AIDS was immediately dubbed ‘Gay Cancer’ because it seemed to only concern the gay community. Soon though, many cases started to occur amongst drug users, hemophiliacs and heterosexuals but decades on AIDS is still branded with the homosexual lifestyle. The stigma of AIDS still continues today, and because of this many homosexual and bisexual men do not want to get tested for fear of the stigma against HIV Positive men.
Thirty years later, the list of anti-retroviral drugs has grown immensely as shown by the FDA and have had sufficient time to prove their efficiency, especially since 1996 with the introduction of combination therapy, these therapies have evolved into just one tablet a day, however, they can cost several hundred dollars per month. The best known of these medications is Atripla.
The price of Atripla (March 2011 US$1,850 and the cost to the UK NHS £620 per month) and most of its competitors mean that the therapy can only be provided to patients in affluent countries with a good social care or reimbursement for treatment. Developing countries benefit from small donations or treatment to about half the price, which means it is still inaccessible to almost all patients. These patients must rely on older treatments which are not as well supported by the human body and therefore may not have the desired affect or have more adverse side affects. Even the more recent anti-retroviral drugs are minimal in these countries due to a lack of resources and political will. Large laboratories hinder the use of generic drugs and the major powers are reluctant to find these drugs themselves.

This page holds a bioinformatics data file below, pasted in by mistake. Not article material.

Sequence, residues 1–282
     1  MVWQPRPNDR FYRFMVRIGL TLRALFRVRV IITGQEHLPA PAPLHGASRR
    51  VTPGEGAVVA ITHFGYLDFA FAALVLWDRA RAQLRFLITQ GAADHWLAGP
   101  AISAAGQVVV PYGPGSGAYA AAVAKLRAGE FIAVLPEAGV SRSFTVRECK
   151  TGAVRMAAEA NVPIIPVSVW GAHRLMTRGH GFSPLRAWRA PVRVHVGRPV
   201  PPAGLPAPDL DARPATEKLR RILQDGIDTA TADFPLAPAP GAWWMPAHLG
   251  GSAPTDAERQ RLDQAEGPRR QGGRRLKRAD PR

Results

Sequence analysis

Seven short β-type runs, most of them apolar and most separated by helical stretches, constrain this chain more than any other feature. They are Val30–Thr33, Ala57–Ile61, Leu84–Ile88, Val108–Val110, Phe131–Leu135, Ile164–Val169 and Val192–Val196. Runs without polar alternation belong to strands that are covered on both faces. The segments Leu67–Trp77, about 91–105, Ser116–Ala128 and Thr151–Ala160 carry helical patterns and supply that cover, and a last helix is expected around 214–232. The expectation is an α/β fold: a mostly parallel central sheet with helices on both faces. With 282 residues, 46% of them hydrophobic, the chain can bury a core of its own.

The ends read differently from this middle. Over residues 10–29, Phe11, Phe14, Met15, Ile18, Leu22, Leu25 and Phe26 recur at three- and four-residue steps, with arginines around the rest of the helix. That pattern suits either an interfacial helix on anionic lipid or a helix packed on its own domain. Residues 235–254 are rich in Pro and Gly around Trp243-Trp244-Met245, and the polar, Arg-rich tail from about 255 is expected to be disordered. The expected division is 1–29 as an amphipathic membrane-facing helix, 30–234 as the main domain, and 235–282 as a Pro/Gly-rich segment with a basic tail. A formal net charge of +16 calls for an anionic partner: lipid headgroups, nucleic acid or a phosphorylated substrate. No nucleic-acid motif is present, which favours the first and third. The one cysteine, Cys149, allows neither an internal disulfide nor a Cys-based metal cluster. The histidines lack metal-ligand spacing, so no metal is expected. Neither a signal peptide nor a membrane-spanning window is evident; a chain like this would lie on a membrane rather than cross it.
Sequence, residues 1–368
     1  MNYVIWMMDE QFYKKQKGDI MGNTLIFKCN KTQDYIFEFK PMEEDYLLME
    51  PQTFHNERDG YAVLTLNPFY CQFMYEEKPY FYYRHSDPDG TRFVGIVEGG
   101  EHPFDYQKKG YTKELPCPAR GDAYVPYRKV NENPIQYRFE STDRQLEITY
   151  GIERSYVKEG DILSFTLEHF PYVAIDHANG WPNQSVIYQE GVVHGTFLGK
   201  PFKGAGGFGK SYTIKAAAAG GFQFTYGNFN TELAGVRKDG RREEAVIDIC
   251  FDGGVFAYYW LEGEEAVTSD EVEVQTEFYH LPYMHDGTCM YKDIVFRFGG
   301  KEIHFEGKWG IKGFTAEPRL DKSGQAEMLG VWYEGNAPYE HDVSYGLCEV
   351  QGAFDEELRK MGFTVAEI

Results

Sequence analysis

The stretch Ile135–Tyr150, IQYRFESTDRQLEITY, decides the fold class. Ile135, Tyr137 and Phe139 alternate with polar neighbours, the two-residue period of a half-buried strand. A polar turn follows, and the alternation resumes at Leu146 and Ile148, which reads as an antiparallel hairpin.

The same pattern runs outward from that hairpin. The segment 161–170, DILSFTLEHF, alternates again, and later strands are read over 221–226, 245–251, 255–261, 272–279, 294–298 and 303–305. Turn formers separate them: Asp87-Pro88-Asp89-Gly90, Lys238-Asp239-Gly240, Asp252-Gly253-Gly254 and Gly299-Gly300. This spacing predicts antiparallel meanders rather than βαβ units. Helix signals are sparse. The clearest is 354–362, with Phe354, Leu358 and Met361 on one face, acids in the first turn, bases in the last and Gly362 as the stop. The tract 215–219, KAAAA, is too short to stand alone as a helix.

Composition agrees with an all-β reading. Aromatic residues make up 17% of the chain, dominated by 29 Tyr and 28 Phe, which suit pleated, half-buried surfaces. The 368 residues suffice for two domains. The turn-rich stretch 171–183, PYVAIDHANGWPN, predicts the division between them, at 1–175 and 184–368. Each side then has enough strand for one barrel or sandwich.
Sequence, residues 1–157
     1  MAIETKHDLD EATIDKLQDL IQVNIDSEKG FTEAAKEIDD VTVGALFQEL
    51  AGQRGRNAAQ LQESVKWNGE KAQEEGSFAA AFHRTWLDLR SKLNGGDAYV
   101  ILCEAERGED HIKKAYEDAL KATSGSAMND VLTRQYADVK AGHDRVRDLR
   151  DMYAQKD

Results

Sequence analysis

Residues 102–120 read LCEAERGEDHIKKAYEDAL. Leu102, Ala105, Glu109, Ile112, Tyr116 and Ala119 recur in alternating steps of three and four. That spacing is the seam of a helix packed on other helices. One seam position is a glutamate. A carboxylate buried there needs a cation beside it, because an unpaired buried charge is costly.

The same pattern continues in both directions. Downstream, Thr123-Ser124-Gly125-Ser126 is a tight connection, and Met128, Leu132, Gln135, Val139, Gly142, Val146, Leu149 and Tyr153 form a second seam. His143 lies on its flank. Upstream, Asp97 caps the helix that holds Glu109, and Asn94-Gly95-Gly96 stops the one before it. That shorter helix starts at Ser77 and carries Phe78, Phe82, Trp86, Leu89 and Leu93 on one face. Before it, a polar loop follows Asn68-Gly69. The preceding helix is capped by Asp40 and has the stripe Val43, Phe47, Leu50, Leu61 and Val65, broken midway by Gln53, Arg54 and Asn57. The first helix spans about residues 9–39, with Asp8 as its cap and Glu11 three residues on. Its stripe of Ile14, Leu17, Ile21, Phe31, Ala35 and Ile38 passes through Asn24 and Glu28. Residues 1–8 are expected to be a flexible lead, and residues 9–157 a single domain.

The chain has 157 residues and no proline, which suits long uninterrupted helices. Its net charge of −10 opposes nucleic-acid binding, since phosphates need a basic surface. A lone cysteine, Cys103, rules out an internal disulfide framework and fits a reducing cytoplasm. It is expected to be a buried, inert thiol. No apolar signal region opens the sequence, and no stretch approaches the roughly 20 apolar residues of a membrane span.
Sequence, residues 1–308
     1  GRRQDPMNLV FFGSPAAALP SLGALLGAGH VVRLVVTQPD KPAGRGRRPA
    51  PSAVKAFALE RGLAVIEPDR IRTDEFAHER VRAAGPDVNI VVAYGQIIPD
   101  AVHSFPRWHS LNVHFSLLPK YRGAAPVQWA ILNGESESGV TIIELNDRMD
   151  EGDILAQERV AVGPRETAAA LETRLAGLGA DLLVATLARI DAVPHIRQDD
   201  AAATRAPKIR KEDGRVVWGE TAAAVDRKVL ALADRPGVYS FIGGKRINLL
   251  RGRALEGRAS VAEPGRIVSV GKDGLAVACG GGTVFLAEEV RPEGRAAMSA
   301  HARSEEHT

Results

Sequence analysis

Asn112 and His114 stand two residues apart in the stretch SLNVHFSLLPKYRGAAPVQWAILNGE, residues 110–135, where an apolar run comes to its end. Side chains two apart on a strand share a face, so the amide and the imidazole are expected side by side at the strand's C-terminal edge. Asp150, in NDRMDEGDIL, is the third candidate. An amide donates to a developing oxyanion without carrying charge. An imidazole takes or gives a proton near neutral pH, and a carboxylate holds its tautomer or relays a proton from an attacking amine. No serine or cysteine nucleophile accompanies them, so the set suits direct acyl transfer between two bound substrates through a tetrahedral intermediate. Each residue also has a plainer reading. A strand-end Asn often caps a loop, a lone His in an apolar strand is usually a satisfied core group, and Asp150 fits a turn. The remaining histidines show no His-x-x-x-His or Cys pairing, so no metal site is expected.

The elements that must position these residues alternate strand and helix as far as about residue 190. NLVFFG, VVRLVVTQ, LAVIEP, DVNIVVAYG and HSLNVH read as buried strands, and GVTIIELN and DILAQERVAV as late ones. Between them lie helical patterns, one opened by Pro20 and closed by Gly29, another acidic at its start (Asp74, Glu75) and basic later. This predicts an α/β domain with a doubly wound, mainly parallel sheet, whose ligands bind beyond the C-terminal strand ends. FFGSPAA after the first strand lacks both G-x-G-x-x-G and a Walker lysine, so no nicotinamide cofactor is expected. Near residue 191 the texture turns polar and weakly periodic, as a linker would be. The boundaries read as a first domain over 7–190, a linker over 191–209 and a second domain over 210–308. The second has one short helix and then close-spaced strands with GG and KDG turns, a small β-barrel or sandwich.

Combined therapies have saved thousands of lives, they reduce the spread of the pandemic and allow HIV & AIDS patients to live normal lives. But we are only part way there. So far, there is still no actual cure or preventative medicine available. With scientific advances we hope that in the not too distant future a cure will be found.
For the moment, treatment is available for those who feel they may have been exposed to the virus in the form of PEP (Post-Exposure Prophylaxis) but treatment must begin within 1 hour to (and no more than) 72 hours of exposure, this treatment is thought to reduce the risk of seroconversion, but treatment has been known to fail in the past, it is believed that this may be due to the level of exposure and the delay between exposure and treatment.
The other major obstacle to widespread use of therapies is the lack of information and sexual health promotion. Lack of information leaves the door open for misinformation, simplistic reasoning, hasty judgments and stigma. The mere fact that the website of Atripla is theoretically reserved for over 18’s is quite revealing.
Philca & Matt / MensGo